Monday, May 19, 2014
To the Rescue!
Ewan had never considered himself a praying man. Right now, cooped up in a tiny flying saucer zipping toward Colorado miles above the ground, he was seriously rethinking that decision. He muttered a few syllables to Chaos on the off chance it would help. After an ill-considered glance out the hatch at the blur of earth far below, he added a second prayer consisting of much stronger words.
“Yer lookin’ a little green there, mate,” Dugger said from behind the controls. “These skimmers take getting used to. Y’might want to steer clear of the windows.”
Too little too late there, Ewan thought, while just managing to keep last night’s dinner in his gut where it belonged. “Where the hell’d Dante get this E.T. mobile anyway?”
“Dante knows people.”
“He never told me he knew Luke Skywalker.” Dugger was right; the flight went far better if he didn’t try to look at the scenery. “I don’t suppose he’s got a couple lightsabers stashed in the glove compartment?”
“It’s not that kind of a run, mate. We’re just supposed to buzz the place, find out if your sheila’s there, then give Dante the lowdown and let him make the tough decisions. That’s why he gets the big bucks ‘stead of us.”
Ewan growled to himself. He found he could keep his meal down better if he thought about Maureen instead of how far below the nearest terra firma lay. Trouble was, he could only think about Maureen in the hands of Damien Hancock’s twisted Doctor. His hackles had been stiff for a good hour now and showed no sign of settling. He wanted her in his arms again, with his mouth firmly latched onto her tits and her wolf-human scent in his nostrils. If he didn’t get her back he was going to rip somebody’s throat out.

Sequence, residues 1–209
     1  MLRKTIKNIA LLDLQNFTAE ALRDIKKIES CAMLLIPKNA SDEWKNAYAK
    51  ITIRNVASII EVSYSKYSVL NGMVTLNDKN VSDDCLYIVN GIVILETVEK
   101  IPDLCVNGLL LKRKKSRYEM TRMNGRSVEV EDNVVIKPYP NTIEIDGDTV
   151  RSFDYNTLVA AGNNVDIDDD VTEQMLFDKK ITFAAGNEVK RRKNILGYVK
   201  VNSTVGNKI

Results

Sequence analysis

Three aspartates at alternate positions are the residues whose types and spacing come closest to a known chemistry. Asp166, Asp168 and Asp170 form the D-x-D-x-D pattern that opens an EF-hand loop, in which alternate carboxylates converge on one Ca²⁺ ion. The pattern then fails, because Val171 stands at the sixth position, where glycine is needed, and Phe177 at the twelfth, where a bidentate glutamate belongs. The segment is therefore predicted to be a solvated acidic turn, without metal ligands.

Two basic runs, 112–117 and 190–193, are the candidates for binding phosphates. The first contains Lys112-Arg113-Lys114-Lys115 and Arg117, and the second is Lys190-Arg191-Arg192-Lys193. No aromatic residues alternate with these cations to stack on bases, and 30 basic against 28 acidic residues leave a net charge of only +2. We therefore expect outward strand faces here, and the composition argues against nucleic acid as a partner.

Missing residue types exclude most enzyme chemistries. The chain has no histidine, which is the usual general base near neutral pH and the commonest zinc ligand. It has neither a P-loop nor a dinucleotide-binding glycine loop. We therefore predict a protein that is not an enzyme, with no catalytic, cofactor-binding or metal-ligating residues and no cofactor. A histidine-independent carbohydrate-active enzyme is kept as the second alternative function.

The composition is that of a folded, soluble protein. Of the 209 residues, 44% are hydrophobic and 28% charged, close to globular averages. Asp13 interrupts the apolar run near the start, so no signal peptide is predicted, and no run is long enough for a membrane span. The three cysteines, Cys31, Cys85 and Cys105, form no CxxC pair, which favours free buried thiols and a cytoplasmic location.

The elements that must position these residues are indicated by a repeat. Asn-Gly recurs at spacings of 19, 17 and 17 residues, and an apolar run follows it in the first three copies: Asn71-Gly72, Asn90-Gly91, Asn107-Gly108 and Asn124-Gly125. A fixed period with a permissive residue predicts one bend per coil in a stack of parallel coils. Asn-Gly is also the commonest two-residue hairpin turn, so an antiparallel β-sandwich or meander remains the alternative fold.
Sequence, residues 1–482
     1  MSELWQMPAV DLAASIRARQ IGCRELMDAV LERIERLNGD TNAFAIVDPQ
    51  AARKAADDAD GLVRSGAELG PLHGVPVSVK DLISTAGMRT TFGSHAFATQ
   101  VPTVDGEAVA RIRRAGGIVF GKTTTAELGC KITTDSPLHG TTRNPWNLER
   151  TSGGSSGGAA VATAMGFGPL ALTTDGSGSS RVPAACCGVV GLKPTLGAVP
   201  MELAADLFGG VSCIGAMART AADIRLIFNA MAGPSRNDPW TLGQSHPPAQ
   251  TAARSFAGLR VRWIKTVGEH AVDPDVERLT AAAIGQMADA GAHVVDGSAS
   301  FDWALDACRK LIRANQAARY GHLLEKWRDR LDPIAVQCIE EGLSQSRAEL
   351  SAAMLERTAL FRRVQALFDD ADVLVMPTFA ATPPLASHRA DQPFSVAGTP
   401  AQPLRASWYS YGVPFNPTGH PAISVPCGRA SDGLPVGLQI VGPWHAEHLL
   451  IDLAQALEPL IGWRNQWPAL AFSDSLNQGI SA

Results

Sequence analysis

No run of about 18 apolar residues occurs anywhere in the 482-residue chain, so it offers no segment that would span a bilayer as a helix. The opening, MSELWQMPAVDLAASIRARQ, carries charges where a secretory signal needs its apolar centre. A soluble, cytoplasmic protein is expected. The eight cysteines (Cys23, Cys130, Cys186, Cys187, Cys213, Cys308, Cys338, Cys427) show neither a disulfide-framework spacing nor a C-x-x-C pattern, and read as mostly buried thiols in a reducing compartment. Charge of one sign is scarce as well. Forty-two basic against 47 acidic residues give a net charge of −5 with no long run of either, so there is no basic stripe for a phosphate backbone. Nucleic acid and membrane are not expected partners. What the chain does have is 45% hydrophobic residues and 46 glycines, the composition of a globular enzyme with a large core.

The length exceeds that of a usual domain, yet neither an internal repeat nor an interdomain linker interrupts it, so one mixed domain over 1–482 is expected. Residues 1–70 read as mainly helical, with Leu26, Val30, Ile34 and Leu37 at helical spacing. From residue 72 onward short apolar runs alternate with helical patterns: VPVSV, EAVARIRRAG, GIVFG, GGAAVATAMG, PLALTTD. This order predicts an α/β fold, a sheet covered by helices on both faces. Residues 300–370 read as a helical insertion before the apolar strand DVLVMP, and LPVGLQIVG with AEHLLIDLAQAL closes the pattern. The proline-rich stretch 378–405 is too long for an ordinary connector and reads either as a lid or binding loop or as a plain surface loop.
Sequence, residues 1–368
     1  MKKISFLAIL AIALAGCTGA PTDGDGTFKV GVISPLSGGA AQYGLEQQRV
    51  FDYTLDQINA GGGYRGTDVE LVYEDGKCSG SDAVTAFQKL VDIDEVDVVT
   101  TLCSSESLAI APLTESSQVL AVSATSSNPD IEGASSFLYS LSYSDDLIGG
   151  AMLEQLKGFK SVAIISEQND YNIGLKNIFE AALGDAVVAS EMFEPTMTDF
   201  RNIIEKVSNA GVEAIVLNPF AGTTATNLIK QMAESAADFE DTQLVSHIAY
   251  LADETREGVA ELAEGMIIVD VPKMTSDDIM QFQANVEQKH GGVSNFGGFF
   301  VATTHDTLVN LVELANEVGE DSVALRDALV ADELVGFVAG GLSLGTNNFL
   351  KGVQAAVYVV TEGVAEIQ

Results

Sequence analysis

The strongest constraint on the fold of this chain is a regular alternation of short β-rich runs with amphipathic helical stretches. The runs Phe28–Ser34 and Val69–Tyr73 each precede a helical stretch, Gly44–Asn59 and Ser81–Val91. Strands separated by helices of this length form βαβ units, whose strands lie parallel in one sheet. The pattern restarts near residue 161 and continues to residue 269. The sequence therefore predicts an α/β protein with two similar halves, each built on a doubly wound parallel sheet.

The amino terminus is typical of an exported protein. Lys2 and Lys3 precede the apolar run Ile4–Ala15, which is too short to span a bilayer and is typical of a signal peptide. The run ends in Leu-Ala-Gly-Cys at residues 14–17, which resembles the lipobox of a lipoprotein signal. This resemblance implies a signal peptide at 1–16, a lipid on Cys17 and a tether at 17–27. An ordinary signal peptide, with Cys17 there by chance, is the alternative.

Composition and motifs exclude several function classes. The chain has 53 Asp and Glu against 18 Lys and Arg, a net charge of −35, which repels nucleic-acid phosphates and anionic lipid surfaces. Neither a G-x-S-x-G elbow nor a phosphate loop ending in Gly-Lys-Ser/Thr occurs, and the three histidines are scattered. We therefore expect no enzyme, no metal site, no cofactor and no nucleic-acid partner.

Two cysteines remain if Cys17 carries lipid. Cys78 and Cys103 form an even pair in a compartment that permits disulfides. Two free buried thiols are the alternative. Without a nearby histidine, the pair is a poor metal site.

Chaos bite it! Was this how wolves lived all the time, with their stupid macho alpha genes sending them charging blindly after their mates? No wonder they had no sense of humor.
“Scat on that,” he said. “We find the place, park this thing, slip inside and get her out, and then we call in Dante. If we can blow something up along the way, so much the better.”
Dugger bared his teeth in a grin as wide as the Outback. “I was hoping you’d say that.”
# # #
Dante’s intel was spot on the money. Once on the ground they found the hidden access door with very little trouble. Dugger went to work on the seals while Ewan kept watch.
Ewan felt uneasy, and not because of the heavily-armed troops who might or might not be waiting for them on the other side of the door. He’d managed to wrestle his stomach into compliance so he could scan the roads from above during their flight to Colorado. He hadn’t spotted anything that looked like a delivery truck. Maureen and her fellow captives should be well on their way to this installation by now. Damien Hancock didn’t hire henchwolves who stopped for beer and a burger. And shouldn’t a place so painstakingly hidden have surveillance out the wazoo? Shouldn’t alarms be going off?
“Call me a scat-faced optimist,” Ewan said, “but does all this strike you as just a hair too easy?”
“Never look a gift roo up the bunghole, I always say,” Dugger replied. “There! That’s got it.”
The hatch swung open easily, with no betraying creaks. Dugger led the way inside. Ewan followed him into a narrow corridor lined by raw rock walls. He smelled metal and machine oil up ahead, and heard a few drips and clinks, but no noises from living beings.
“Easy peasy,” Dugger whispered. “Wonder where they are?”
“On break, maybe?” Ewan said. His mind kept conjuring images of foxes, henhouses, and farmers with shotguns.
“According to the blueprints,” Dugger said, “prisoners are usually kept—”
“Dante had blueprints?”
“More like a map. Dante—”
“Knows people. Gotcha.”
That was it for talk. Dugger conveyed through body language that they were coming up on a possible inhabited area. He pulled a handgun out of his waistband. Ewan would play it by ear.
They crept up to the corner and peered around it. And saw—
TO BE CONTINUED (ain’t I a stinker?)